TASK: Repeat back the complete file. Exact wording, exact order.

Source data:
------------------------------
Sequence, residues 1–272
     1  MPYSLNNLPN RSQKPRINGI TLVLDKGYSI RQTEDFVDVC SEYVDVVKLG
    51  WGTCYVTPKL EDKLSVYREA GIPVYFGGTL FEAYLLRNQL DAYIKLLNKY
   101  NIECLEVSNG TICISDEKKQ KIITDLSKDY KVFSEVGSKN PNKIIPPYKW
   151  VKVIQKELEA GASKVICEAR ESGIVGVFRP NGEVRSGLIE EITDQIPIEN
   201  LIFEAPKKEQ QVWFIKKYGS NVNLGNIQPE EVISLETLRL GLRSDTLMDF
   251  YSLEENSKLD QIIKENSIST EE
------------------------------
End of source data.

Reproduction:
Sequence, residues 1–272
     1  MPYSLNNLPN RSQKPRINGI TLVLDKGYSI RQTEDFVDVC SEYVDVVKLG
    51  WGTCYVTPKL EDKLSVYREA GIPVYFGGTL FEAYLLRNQL DAYIKLLNKY
   101  NIECLEVSNG TICISDEKKQ KIITDLSKDY KVFSEVGSKN PNKIIPPYKW
   151  VKVIQKELEA GASKVICEAR ESGIVGVFRP NGEVRSGLIE EITDQIPIEN
   201  LIFEAPKKEQ QVWFIKKYGS NVNLGNIQPE EVISLETLRL GLRSDTLMDF
   251  YSLEENSKLD QIIKENSIST EE